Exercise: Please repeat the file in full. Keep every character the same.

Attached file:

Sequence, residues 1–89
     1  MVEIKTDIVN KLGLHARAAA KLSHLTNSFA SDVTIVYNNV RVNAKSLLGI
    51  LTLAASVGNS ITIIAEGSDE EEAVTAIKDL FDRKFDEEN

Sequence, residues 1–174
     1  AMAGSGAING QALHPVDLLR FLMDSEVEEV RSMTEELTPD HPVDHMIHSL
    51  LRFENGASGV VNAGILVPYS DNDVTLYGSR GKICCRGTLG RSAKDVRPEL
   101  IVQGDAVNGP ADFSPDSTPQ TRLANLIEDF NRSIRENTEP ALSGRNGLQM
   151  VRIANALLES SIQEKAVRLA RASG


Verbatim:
Sequence, residues 1–89
     1  MVEIKTDIVN KLGLHARAAA KLSHLTNSFA SDVTIVYNNV RVNAKSLLGI
    51  LTLAASVGNS ITIIAEGSDE EEAVTAIKDL FDRKFDEEN

Sequence, residues 1–174
     1  AMAGSGAING QALHPVDLLR FLMDSEVEEV RSMTEELTPD HPVDHMIHSL
    51  LRFENGASGV VNAGILVPYS DNDVTLYGSR GKICCRGTLG RSAKDVRPEL
   101  IVQGDAVNGP ADFSPDSTPQ TRLANLIEDF NRSIRENTEP ALSGRNGLQM
   151  VRIANALLES SIQEKAVRLA RASG